Go Meta

Hamed Saber

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Sometimes we benefit from changing to a wider lens of analysis: from tactics to strategy, this year's planning to a ten-year horizon, or from content to process reflection. If the current level of focus seems inadequate, consider shifting outward.

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Cautions & Caveats
Overuse of this pattern prevents anything from actually getting done.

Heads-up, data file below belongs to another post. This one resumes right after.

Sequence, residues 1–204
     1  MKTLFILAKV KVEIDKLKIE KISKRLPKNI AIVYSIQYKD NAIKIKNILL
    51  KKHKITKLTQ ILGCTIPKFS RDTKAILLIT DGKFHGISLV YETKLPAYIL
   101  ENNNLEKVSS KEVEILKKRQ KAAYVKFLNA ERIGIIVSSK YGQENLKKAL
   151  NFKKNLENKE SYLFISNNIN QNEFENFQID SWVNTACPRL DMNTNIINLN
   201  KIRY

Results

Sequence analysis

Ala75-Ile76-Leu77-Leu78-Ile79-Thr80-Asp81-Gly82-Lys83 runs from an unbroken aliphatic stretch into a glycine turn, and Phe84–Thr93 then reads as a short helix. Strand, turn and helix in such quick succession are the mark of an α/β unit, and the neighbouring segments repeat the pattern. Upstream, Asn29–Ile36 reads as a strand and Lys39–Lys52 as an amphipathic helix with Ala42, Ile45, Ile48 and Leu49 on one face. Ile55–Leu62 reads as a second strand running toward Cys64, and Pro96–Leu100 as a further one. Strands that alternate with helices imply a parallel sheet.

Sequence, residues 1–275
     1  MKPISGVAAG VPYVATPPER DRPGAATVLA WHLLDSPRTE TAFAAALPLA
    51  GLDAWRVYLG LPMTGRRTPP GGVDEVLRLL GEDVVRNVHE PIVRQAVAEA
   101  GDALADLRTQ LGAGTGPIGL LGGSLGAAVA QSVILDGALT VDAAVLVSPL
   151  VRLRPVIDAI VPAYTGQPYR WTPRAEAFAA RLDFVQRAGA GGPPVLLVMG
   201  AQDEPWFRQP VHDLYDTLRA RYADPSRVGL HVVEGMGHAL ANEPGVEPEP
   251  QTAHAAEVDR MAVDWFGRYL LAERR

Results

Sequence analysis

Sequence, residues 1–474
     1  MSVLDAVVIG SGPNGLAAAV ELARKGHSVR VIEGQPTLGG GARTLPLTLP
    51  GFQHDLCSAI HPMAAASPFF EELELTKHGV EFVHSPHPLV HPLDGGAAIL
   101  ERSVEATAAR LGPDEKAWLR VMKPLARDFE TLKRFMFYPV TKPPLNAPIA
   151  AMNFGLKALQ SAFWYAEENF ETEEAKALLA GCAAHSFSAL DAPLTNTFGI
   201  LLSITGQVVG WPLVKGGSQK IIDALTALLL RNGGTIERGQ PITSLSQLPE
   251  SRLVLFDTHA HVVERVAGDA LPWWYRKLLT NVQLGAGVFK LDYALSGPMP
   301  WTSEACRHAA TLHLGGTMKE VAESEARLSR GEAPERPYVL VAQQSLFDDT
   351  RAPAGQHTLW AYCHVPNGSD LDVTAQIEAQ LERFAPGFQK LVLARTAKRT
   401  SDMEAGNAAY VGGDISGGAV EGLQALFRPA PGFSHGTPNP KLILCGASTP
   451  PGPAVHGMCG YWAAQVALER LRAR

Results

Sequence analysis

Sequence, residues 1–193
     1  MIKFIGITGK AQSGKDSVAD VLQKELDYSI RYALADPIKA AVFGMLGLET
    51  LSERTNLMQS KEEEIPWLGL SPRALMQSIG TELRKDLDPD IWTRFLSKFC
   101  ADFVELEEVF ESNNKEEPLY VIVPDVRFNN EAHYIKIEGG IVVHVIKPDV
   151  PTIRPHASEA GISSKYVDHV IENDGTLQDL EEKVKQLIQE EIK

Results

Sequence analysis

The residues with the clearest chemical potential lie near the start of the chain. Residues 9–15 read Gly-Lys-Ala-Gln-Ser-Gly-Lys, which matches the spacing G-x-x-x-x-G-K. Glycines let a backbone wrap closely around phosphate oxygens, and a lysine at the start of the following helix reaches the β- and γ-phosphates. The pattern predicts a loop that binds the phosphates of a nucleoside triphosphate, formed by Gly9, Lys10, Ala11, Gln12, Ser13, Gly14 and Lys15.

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Douglas Hofstadter uses meta as a stand-alone word, both as an adjective and as a directional preposition ("going meta", a term he coins for the old rhetorical trick of taking a debate or analysis to another level of abstraction, as in "This debate isn't going anywhere."). This book is also probably responsible for the direct association of "meta" with self-reference, as opposed to just abstraction. The sentence "This sentence contains thirty-six letters," and the sentence it is embedded in, are examples of sentences that reference themselves in this way.

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